Land Rover Series 3 Buyer's Guide

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Having this book in your pocket is just like having a real marque expert by your side. Benefit from the author’s years of Land Rover ownership, learn how to spot a bad vehicle quickly and how to assess a promising one like a professional. Get the right vehicle at the right price!

Illustrated with 100+ photos and written to also serve as an owner's reference of vunerable points to monitor.

Introduction

Consider as many factors as possible before making your decision. Series Land Rovers with diesel engines are slow and the petrol models use a lot of fuel. Series models have poor crash safety in comparison with modern vehicles. Prices vary widely. Check in published ads and online for price comparisons and offer less than the asking price first. Don't be impatient, the right vehicle is worth waiting for. Check all documentation carefully. There must be a V5 and MOT cert (UK) for a roadworthy vehicle. Insist on a receipt. An AA or RAC vehicle check (in the UK) is a good investment if you are not mechanically minded or not prepared to get under the vehicle and give it a thorough inspection all round. Many Series models are stolen each year, some exported, some broken for parts and some sold to unsuspecting people - In the UK, make sure you're not one of them by doing a DVLA VEHICLE CHECK on the number plate.
Budget for repairs/upgrades.

Test Drive
Check the clutch and handbrake by slowly releasing the clutch pedal whilst the handbrake is on. The engine should show signs of stalling as the clutch engages.
Inspect colour of the exhaust fumes: blue suggests engine wear (though could be leaking valve seals), black suggests a carburettor problem.
During the test, listen for unusual noises and check for leaks on completion of the drive.


Inspection

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Bodywork   Although the bodywork is aluminium-based you need to check for corrosion wherever the aluminium is in contact with another metal e.g. where the body bolts onto the chassis, where wings attached to bulkhead. Check bottom of doors and sides of windows for rust.
     
Bulkhead   Check the lower area and around the door hinges. If the bulkhead is badly rusted then the body will probably need to be removed to repair/replace it.
     
Chassis   Expect to find areas of the chassis where rust damage has been repaired or replaced. Check the the rear cross-member and outriggers especially. Check above the bump stops since this area is subject to stress if used offroad. Don't forget to feel on top of the box sections for corrosion weakness (i.e. holes!). If rust is extensive, don't buy unless the cost of repair is allowed for in the price. If rust is extensive then a chassis replacement may be necessary (£1,000+).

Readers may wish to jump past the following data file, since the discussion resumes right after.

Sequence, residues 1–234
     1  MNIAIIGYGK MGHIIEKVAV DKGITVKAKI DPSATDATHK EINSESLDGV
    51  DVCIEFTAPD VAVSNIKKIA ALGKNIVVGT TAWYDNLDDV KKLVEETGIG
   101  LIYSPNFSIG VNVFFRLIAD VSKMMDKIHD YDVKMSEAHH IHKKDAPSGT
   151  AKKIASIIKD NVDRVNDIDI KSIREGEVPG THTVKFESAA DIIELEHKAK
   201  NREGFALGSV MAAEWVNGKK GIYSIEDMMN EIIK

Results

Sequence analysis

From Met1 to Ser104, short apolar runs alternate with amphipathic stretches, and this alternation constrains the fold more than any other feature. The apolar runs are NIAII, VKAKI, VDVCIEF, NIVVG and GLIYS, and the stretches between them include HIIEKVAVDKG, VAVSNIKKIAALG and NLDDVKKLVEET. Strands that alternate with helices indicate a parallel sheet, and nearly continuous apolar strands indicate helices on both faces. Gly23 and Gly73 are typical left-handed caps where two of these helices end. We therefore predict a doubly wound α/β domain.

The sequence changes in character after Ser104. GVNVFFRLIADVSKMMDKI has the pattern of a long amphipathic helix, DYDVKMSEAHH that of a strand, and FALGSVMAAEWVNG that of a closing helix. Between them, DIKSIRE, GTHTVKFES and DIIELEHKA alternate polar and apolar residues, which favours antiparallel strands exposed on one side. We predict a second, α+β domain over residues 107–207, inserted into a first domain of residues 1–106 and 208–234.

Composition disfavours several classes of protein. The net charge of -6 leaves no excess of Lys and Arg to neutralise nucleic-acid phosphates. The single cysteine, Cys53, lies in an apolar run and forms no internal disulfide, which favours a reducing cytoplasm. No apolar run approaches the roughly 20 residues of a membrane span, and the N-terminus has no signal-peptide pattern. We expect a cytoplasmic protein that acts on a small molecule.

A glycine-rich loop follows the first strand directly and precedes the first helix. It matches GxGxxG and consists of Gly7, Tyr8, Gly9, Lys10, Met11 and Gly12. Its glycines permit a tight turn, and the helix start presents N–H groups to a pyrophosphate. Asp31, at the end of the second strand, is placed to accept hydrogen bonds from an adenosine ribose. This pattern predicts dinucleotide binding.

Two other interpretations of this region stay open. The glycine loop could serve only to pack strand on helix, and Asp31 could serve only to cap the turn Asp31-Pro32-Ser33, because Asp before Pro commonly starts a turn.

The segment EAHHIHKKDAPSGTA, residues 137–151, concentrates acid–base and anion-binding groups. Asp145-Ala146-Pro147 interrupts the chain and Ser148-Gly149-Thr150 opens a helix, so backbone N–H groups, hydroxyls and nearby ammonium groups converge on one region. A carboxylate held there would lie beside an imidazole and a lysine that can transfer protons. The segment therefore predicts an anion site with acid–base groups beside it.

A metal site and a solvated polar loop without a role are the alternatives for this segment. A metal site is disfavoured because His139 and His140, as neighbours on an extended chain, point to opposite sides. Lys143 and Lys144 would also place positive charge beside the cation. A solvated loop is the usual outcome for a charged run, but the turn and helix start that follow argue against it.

Differential   Drive a short distance on soft ground to test the 4WD is working and to discover if a non-standard differential has been fitted in the rear axle to improve economy (a common occurrence) - the vehicle will behave wildly in 4wd if the front and rear diffs are not compatible
     
Engine   It is common for Land Rover engines to give continued good service above 100,000 miles. Listen for even running and for knocking. Low knocking sounds may be due to worn crankshaft bearings. Higher rapid tapping may just be poorly adjusted valve clearances ('tappets').
Occasional blue smoke may be just leaking valve stem oil seals but continuous blue smoke is probably worn piston rings and bores.
     
Gearbox   During the test drive check all gears, including the low ratio ones. Listen for unusual sounds as you drive in each gear. Check the selectability of each gear. The SIII gearbox is not as strong as the SII. 1st and 2nd gear show wear and are prone to jump out of gear as they get older. On the test drive press the accelerator and release it in each gear to see if the gear selector jumps out.
     
Interior   Non Land Rover seats may have been fitted. Check that they have been fitted securely and both they and the seat belt mountings will pass MOT inspection.
     
Springs   Check for broken or damaged springs. Individual leaves should be a uniform thickness throughout. The vehicle should sit level if all springs are healthy. Check around the spring mountings for cracks or repairs.Any rusting in this area is a road test failure.
     
Steering   A small amount of steering wheel movement when driving straight on a good road is normal but if constant correction is needed then major steering component replacement may be necessary.
Transmission   Check for movement in the propshafts and, if present, decide if it is a worn universal joint or the differential needs replacing. Maximum turn allowable is 1/4.

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